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Format: Paperback
I read this book when my children were five and two, I wish I had read it when pregnant for the first time. Then maybe I wouldn't have suffered with chronic PND for eighteen months after the birth of my first child. I would've listened to my instincts, believed in myself and in evolution and not listened to such tyrants as Gina Ford with their strategies and baby boot camp training. Anyone would think that babies were an alien race trying to ruin our lives instead of the pure and innocent vulnerable babies that they have been since time began. Thank you Ms Leidloff for changing my life for the better. READ THIS BOOK and bin all the parent centred rubbish that fills the shelves.
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Format: Paperback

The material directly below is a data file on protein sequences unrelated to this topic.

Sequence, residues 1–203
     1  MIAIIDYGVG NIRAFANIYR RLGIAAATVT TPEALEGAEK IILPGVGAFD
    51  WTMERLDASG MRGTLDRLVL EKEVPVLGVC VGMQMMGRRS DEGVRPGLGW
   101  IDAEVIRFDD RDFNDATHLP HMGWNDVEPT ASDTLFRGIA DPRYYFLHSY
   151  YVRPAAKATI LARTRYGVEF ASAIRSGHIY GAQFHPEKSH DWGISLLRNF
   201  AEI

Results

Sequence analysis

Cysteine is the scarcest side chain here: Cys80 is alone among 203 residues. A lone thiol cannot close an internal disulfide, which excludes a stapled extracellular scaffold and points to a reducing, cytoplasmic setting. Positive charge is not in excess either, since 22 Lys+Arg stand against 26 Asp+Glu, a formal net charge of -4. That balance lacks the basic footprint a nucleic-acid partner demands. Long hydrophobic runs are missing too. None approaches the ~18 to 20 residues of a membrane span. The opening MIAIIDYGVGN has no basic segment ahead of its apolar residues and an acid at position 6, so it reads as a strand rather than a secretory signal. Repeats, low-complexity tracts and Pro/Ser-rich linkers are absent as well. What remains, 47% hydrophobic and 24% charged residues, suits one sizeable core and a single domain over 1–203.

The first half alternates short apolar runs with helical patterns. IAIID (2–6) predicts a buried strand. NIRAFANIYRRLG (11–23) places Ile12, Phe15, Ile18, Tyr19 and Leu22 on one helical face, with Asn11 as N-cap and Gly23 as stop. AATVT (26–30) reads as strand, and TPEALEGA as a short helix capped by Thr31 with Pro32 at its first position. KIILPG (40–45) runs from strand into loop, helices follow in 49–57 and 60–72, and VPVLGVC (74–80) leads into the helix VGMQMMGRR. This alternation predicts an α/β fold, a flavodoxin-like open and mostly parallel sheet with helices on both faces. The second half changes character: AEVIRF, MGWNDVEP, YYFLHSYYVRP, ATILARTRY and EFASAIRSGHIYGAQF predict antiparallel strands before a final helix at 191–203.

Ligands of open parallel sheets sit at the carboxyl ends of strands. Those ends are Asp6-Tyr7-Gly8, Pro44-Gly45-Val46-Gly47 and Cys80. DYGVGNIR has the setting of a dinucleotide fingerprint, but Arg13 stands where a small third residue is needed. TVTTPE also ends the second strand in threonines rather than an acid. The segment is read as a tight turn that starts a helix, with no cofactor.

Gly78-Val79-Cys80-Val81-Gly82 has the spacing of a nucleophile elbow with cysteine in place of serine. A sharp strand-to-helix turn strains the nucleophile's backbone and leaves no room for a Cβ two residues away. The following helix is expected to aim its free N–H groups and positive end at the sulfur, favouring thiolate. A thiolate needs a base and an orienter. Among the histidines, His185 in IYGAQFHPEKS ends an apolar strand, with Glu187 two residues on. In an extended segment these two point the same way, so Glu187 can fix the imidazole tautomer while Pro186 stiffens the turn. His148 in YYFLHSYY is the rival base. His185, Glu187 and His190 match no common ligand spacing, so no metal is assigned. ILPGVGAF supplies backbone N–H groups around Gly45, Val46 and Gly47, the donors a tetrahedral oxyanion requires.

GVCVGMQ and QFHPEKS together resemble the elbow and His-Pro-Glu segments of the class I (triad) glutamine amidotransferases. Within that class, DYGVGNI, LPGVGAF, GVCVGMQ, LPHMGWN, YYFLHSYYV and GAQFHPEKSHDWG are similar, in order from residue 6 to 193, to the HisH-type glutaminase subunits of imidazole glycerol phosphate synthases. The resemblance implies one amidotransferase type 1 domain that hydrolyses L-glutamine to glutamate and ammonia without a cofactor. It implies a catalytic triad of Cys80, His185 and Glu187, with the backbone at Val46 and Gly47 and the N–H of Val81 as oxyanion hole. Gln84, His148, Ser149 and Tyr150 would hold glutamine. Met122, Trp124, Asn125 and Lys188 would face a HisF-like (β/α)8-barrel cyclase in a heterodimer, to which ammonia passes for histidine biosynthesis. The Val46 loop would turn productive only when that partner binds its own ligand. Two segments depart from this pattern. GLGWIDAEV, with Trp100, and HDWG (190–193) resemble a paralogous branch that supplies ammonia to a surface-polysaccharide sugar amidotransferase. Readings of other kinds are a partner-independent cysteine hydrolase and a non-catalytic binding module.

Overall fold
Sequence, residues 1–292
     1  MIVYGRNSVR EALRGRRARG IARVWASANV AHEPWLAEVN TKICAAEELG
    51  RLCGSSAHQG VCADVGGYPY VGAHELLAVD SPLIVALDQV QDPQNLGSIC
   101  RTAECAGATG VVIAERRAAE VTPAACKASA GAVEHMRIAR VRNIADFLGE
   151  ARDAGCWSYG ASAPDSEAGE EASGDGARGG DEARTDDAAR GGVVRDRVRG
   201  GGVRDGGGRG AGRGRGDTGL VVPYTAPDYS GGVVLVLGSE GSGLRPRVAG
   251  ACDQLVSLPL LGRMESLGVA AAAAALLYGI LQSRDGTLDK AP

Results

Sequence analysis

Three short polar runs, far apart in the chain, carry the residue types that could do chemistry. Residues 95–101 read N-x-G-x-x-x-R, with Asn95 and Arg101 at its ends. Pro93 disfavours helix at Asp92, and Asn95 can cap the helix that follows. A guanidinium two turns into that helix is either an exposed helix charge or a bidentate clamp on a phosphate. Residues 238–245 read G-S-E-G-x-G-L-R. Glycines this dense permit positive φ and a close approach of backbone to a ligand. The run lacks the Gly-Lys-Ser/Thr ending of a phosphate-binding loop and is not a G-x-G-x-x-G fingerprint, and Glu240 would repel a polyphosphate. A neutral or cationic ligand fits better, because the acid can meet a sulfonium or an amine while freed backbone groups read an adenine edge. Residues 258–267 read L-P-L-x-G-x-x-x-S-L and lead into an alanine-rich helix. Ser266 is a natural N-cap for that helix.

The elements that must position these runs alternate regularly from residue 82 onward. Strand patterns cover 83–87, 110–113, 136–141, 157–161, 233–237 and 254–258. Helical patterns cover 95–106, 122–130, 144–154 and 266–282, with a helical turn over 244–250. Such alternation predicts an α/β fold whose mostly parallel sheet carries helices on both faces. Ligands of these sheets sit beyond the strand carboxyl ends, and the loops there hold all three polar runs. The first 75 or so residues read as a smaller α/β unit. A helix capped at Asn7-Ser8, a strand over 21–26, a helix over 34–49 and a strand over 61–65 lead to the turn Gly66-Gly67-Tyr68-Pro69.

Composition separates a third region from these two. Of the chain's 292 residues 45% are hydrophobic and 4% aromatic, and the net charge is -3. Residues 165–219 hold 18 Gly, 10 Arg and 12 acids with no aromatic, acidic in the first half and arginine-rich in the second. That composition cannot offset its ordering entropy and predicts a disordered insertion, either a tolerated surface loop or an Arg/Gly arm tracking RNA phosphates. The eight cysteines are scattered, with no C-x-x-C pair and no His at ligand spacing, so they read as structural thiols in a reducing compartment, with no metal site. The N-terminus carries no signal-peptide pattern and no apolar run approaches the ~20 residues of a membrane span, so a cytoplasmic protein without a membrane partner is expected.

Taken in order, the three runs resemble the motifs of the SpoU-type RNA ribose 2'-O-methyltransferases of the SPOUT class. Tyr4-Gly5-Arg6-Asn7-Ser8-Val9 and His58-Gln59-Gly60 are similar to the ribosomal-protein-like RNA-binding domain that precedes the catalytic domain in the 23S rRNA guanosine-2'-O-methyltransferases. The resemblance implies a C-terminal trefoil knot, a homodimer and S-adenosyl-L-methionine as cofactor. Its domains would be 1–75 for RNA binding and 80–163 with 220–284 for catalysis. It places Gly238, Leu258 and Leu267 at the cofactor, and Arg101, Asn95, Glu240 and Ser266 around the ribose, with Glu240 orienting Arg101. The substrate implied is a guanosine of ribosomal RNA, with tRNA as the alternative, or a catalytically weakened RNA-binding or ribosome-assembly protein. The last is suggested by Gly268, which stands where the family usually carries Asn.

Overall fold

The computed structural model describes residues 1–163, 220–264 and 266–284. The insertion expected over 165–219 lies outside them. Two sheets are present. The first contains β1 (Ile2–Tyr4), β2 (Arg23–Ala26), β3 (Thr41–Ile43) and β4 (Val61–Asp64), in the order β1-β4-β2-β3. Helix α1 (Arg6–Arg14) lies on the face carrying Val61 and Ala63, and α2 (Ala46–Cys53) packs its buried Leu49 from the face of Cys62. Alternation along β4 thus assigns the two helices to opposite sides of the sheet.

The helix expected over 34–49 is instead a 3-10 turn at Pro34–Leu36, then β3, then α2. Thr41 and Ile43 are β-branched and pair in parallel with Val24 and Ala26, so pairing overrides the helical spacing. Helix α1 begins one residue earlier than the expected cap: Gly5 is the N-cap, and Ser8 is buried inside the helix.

This is the book I most wish I had read on leaving school; part adventure story, part philosophical treatise with many arresting, endearing and striking anecdotes it sets out with such burning clarity how our society creates the conditions for us to feel depressed, stressed and alienated. It is however, I feel, a very positive book and one I will come back to time and again; it explains how we can also achieve far greater happiness and harmony with others around us. It is a hymn to the quality of life,an illustration of the addictiveness and ultimate irrelevance of consumerism and an affirmation of the beauty and strength of the human spirit. Definately not to be confined to the shelves intended for prospective parents I would happliy give this book as a graduation present.